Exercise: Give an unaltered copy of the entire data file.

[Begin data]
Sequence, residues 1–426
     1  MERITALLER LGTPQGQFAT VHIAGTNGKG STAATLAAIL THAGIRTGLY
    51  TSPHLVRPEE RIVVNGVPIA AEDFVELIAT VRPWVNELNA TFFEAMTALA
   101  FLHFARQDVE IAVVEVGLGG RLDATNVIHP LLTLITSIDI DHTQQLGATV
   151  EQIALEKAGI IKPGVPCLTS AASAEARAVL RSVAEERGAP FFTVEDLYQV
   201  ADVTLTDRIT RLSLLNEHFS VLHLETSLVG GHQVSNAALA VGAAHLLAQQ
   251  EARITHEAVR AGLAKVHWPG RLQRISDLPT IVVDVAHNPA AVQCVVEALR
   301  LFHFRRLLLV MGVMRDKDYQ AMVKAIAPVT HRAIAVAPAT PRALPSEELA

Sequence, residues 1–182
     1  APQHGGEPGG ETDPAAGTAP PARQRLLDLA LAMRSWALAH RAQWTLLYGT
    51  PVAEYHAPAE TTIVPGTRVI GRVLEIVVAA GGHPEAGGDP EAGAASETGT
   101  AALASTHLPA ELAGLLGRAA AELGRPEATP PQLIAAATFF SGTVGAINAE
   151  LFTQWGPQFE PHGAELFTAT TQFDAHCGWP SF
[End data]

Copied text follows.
Sequence, residues 1–426
     1  MERITALLER LGTPQGQFAT VHIAGTNGKG STAATLAAIL THAGIRTGLY
    51  TSPHLVRPEE RIVVNGVPIA AEDFVELIAT VRPWVNELNA TFFEAMTALA
   101  FLHFARQDVE IAVVEVGLGG RLDATNVIHP LLTLITSIDI DHTQQLGATV
   151  EQIALEKAGI IKPGVPCLTS AASAEARAVL RSVAEERGAP FFTVEDLYQV
   201  ADVTLTDRIT RLSLLNEHFS VLHLETSLVG GHQVSNAALA VGAAHLLAQQ
   251  EARITHEAVR AGLAKVHWPG RLQRISDLPT IVVDVAHNPA AVQCVVEALR
   301  LFHFRRLLLV MGVMRDKDYQ AMVKAIAPVT HRAIAVAPAT PRALPSEELA

Sequence, residues 1–182
     1  APQHGGEPGG ETDPAAGTAP PARQRLLDLA LAMRSWALAH RAQWTLLYGT
    51  PVAEYHAPAE TTIVPGTRVI GRVLEIVVAA GGHPEAGGDP EAGAASETGT
   101  AALASTHLPA ELAGLLGRAA AELGRPEATP PQLIAAATFF SGTVGAINAE
   151  LFTQWGPQFE PHGAELFTAT TQFDAHCGWP SF